The phrase ‘Life on the Inside’ sounds like a movie profile about a convicted felon sentenced to prison without parole.
In reality, the phrase is the new status quo for U.S. citrus nursery growers and the theme of a recent workshop held in Ontario, Calif., sponsored by the California Citrus Nursery Board.
In the real world of citrus nursery production, growing citrus plants in approved protective structures is becoming an economical and regulatory mandate to protect the citrus industry from insidious pests and diseases which threaten the foundation of the industry’s future.
Today, the U.S. citrus industry employs 110,000 people from Florida to California with an economic value of $12.3 billion nationally including wholesalers, retailers, and other industries. About $4.7 billion is generated in annual wage income.
The top pest and disease combo which continues to threaten worldwide citrus production is the Asian citrus psyllid (ACP) insect, Diaphorina citri, and the bacterial Huanglongbing disease (HLB), Candidatus Liberibacter asiaticus, also called citrus greening.
The ACP is the primary vector of HLB yet the disease can be spread through grafting. ACP adults and nymphs carry the bacteria. The insect usually feeds on new plant flush.
Adult psyllids are one-eighth to one-sixth inch-brownish insects similar in size to an aphid. The insect feeds with its head down almost touching the surface of the leaf.
“HLB is not just one of the most devastating citrus diseases; it is the most devastating disease,” said Osama El-Lissy, director of emergency and domestic programs in the plant protection and quarantine unit with the USDA-Animal and Plant Health Inspection Service (APHIS) in Riverdale, Md.
“HLB will not only impact the industry economically - it will take out the industry,” said El-Lissy, the kick-off speaker at the California citrus nursery workshop. “There is no cure for HLB. An entire orchard can die in three years. That’s total destruction in a short period of time.”
The U.S. citrus industry is inundated with pests and diseases including HLB, citrus canker, citrus black spot, and sweet orange scab. Florida citrus growers battle all four organisms.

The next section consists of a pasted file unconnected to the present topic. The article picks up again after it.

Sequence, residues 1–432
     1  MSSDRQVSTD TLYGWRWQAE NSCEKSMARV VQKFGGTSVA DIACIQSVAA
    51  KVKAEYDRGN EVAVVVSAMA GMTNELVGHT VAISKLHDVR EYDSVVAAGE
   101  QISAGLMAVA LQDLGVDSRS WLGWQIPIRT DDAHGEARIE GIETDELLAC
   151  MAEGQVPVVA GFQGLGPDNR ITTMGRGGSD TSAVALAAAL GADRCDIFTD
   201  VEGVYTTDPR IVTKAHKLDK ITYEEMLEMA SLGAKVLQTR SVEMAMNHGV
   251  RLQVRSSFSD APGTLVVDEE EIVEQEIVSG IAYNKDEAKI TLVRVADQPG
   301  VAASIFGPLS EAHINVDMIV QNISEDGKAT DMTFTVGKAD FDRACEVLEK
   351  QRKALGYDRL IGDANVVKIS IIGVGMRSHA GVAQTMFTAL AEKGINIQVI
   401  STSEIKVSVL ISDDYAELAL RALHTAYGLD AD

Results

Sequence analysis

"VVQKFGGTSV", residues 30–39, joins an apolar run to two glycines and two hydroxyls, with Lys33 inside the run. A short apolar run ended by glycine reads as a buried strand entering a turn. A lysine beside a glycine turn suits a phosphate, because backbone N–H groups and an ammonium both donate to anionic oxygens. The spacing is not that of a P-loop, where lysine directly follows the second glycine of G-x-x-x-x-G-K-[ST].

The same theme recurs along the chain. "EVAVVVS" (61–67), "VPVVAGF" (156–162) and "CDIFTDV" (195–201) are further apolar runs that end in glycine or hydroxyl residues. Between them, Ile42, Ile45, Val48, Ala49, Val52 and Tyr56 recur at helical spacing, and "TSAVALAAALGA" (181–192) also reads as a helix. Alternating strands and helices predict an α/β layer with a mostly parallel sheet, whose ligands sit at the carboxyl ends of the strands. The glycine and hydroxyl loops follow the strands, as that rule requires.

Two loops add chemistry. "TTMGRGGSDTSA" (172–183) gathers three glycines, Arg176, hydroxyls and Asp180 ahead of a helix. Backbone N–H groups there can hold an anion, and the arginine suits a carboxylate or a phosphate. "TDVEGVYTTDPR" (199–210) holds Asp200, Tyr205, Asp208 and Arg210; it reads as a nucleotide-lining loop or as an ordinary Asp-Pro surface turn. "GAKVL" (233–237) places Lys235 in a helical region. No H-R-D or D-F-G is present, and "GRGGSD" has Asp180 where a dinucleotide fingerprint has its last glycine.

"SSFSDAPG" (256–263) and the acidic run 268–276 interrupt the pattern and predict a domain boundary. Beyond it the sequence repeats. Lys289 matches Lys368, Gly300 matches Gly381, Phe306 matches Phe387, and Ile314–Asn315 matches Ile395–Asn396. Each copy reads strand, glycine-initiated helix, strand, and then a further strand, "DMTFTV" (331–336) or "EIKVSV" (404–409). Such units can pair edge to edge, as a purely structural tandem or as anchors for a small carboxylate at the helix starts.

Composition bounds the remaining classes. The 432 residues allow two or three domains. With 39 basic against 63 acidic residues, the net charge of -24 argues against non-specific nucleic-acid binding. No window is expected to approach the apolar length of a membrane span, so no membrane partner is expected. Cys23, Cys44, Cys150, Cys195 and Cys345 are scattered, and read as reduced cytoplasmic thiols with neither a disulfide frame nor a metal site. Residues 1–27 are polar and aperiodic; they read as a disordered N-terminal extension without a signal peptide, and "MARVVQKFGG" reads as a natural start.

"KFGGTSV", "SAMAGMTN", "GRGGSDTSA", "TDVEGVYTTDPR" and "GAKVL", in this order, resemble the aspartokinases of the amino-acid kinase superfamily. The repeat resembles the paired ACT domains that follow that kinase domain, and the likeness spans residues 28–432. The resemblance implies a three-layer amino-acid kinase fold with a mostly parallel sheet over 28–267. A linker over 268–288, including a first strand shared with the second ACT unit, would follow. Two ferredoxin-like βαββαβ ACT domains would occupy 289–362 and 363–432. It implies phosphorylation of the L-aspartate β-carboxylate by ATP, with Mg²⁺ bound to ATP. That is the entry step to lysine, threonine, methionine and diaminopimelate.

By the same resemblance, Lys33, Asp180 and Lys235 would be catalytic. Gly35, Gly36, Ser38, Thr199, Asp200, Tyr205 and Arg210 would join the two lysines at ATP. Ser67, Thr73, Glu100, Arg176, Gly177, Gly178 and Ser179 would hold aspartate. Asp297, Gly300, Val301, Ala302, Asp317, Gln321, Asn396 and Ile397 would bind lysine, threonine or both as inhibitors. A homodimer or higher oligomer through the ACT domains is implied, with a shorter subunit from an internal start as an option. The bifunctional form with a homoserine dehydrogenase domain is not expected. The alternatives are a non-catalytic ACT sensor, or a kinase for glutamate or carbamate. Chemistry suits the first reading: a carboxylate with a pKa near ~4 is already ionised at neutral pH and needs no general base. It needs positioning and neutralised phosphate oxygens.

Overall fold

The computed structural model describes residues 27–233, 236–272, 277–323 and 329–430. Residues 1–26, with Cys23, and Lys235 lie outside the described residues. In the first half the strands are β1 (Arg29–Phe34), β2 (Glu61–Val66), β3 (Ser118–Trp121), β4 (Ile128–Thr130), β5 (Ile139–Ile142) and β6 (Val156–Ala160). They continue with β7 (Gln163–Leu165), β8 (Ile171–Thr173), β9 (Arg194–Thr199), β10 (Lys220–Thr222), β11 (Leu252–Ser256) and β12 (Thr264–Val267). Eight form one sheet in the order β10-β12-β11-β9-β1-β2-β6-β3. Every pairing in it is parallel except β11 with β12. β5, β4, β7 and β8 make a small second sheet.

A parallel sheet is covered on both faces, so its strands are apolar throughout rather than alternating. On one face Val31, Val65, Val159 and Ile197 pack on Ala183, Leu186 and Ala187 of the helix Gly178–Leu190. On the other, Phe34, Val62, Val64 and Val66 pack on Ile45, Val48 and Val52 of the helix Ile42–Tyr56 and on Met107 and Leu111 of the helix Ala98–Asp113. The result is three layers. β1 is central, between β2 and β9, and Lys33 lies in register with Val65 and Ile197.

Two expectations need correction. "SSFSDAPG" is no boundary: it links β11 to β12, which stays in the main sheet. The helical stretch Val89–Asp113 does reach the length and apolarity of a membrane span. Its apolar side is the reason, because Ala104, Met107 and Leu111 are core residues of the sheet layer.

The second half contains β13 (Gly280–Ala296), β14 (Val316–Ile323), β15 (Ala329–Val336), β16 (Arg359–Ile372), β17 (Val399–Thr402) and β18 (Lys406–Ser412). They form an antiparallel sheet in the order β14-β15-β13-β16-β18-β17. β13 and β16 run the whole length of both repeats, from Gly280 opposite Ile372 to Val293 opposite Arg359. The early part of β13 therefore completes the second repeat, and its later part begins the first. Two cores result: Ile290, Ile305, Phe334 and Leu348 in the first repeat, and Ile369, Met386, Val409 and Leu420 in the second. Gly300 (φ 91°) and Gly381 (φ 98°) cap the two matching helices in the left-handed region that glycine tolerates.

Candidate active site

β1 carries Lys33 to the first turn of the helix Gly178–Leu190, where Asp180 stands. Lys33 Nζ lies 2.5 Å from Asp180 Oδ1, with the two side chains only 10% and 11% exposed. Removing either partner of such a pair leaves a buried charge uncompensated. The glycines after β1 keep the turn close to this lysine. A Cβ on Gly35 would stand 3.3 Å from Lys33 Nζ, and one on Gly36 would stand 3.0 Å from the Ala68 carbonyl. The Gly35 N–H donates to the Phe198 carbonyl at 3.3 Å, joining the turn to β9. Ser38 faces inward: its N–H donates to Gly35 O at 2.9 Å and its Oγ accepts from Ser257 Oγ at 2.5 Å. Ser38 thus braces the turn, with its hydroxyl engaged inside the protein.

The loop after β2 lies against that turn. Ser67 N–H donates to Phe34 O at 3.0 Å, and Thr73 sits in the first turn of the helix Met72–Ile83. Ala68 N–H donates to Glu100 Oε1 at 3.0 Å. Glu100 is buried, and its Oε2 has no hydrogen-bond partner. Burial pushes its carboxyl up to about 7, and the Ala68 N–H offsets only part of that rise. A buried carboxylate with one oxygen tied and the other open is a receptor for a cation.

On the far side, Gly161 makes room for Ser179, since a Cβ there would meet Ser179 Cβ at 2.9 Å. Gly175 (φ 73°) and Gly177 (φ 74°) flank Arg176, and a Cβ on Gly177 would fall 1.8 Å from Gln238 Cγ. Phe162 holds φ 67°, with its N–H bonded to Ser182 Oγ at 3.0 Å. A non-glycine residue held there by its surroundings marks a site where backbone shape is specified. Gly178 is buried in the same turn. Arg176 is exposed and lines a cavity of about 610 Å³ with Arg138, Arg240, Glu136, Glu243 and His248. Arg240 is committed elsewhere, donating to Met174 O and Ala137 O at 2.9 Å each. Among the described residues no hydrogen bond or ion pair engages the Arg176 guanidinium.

According to El-Lissy, financial losses to the Florida citrus industry total about $300 million annually from pests and diseases. Growers spend $500 per acre per year in pest control. Citrus diseases have increased production costs by 40 percent. The industry has survived the extra costs due to higher fruit prices.
HLB-caused tree death is tied to blocking nutrient movement through the phloem. The tree is choked and eventually starves to death. HLB symptoms include blotchy leaf mottling, yellowed leaves, and small, misshapen, sour-tasting fruit that is unmarketable.
The three HLB strains include Asian, African, and American. Brazil has the American strain while the U.S. has the Asian version.
Fallen citrus acreage
Florida citrus acreage has fallen from about 800,000 acres to 539,000 acres; about 120,000 acres abandoned due to pests and diseases, El-Lissy says. Florida grows citrus mostly for juice. California is the nation’s second largest citrus-producing state with 253,000 acres followed by Texas with 27,000 acres and Arizona with 22,000. California fruit is sold mostly for fresh consumption.
Texas, Mississippi, and Alabama have detected the ACP but not HLB. Florida, Georgia, South Carolina, and Louisiana have both.
HLB was first discovered in China in the early 1900s. El-Lissy drew a troubling road map on the rapid spread of the ACP and HLB worldwide. The disease was confirmed in Brazil in 2004. The first U.S. HLB find was in Florida in 2005, then found in Central America, other southern U.S. locations, and in a handful of places in Mexico over the last two years. Each HLB find in Mexico is closer to the U.S.